A protein lulls algae to 'sleep', and what that means for making green fuels

When algae get stressed, they hibernate and store energy in forms that we can use to make biofuels. Understanding how stress impacts algal hibernation could help scientists lower the cost of biofuels production.

Insect bites + Warmer climate = Double trouble for plants [VIDEO]

Recent models are telling us that, as our climate warms up, pests will cause more damage to crops. But these models do not factor how infested plants react to rising temperatures. If we do, plants may suffer a worse fate.

Taming electrons with bacteria parts and a little 'blood' - a new synthetic biology system [VIDEO]

When electrons move, they are the electricity that powers life. But they are hard to pin down. The newly engineered system could guide electron transfer over long distances, powering future applications in medicine or 'green' fuel production.

[LINK] Sheng Yang He featured in National Geographic

The article revolves around an exhibit at the Harvard Museum of Natural History on our food supply’s vulnerability to plant disease, using an unconventional conduit: early 20th-century glass models of rotting fruit.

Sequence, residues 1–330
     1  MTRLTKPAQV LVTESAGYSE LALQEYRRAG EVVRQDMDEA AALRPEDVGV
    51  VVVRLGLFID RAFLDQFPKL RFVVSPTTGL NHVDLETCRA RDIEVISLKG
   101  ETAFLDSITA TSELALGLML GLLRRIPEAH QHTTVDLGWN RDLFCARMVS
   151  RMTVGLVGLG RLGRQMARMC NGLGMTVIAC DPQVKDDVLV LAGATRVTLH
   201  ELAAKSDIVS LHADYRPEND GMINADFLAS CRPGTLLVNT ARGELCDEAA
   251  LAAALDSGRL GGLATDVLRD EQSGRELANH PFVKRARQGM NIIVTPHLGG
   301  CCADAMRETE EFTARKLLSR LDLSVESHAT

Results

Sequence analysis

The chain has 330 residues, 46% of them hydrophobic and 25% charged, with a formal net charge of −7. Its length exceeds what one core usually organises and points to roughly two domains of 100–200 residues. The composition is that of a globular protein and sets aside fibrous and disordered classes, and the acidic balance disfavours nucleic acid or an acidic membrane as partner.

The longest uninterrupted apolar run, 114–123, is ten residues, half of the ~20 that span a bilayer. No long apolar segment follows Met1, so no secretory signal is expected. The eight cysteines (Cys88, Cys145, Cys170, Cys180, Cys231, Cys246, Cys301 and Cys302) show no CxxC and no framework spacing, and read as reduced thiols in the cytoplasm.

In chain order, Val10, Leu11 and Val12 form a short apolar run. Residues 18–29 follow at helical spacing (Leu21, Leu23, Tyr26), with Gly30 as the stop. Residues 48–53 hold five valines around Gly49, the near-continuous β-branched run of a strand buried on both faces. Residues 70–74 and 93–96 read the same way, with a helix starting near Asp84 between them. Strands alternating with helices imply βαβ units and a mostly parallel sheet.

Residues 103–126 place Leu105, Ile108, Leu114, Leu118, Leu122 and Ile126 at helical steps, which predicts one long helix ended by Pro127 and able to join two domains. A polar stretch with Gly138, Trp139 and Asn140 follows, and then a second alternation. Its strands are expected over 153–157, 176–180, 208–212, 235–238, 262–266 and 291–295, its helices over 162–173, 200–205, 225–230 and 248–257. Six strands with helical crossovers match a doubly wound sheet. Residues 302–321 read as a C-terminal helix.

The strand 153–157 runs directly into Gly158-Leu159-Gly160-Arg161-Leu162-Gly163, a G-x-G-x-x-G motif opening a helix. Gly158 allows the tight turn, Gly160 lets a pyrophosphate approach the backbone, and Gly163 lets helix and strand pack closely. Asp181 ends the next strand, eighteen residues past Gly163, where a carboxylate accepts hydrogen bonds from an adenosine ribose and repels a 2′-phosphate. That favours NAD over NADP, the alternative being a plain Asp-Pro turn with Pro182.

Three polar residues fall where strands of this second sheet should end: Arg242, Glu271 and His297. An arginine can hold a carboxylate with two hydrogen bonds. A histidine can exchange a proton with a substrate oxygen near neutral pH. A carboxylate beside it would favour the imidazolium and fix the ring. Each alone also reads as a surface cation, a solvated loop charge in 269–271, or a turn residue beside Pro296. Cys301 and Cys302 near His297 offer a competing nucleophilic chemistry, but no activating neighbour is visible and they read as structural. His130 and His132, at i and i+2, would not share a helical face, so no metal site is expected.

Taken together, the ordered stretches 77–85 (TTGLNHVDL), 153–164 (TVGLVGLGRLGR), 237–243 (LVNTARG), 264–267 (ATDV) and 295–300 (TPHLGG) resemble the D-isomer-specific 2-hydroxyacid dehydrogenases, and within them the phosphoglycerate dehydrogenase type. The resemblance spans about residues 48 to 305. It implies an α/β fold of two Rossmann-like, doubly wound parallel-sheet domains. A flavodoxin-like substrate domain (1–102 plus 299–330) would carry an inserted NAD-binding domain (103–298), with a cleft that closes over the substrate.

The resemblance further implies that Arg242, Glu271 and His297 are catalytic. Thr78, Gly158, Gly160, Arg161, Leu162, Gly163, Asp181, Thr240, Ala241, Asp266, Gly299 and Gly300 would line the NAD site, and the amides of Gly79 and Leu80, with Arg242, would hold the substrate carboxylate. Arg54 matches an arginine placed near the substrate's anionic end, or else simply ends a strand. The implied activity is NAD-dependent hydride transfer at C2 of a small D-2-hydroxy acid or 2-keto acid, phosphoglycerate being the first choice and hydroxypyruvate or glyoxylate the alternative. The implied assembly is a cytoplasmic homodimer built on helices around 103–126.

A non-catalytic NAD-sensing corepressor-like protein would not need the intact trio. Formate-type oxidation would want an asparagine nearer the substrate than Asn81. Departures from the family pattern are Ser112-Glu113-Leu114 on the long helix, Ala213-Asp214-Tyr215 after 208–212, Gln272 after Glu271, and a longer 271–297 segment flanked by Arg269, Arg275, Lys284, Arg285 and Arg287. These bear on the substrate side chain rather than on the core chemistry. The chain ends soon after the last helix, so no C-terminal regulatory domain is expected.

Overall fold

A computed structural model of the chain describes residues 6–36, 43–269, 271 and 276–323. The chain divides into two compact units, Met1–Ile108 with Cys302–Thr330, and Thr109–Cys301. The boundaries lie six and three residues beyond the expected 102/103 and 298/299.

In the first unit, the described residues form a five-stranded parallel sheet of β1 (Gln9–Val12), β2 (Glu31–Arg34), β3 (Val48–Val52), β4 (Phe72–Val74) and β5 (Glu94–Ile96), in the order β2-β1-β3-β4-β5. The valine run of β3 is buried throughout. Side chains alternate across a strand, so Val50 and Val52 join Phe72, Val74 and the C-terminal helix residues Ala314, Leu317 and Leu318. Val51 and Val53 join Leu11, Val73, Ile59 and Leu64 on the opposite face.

Tags: He lab

Top Stories

Beronda Montgomery named MSU Office of Research & Innovation interim assistant vice president [LINK] Beronda Montgomery named MSU Office of Research & Innovation interim assistant vice president [LINK]

MSU Foundation Professor, Beronda Montgomery, will bring her talents to the Office of Research & Innovation as interim assistant vice president. She joined the team in a half-time capacity effective Sept. 15, 2020.

MSU doctoral student Ethan Thibault awarded prestigious NSF fellowship [LINK] MSU doctoral student Ethan Thibault awarded prestigious NSF fellowship [LINK]

The National Science Foundation Graduate Research Fellowship is one of the country’s most prestigious and competitive awards for graduate students. The program recognizes and supports outstanding graduate students who are pursuing research-based masters and doctoral degrees in fields within NSF’s mission.

Newly discovered sugar transporter might help beans tolerate hot temperatures Newly discovered sugar transporter might help beans tolerate hot temperatures

The lab of Thomas D. Sharkey have characterized a sucrose transporter protein found in common beans. The recently discovered protein, called PvSUT1.1, could help us understand how beans tolerate hot temperatures.